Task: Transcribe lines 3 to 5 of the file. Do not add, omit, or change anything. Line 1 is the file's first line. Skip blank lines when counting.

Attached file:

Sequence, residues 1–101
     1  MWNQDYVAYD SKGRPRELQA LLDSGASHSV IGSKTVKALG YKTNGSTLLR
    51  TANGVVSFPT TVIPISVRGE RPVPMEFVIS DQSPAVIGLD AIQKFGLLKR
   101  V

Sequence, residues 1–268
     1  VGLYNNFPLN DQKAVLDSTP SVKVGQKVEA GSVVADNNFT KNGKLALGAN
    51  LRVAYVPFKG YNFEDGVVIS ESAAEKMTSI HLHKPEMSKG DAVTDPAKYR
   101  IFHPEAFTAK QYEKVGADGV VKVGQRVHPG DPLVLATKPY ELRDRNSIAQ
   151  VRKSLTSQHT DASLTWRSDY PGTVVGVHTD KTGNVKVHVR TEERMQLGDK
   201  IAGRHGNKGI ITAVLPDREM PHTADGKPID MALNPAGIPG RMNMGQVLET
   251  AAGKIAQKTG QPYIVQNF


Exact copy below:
    51  TANGVVSFPT TVIPISVRGE RPVPMEFVIS DQSPAVIGLD AIQKFGLLKR
   101  V

Sequence, residues 1–268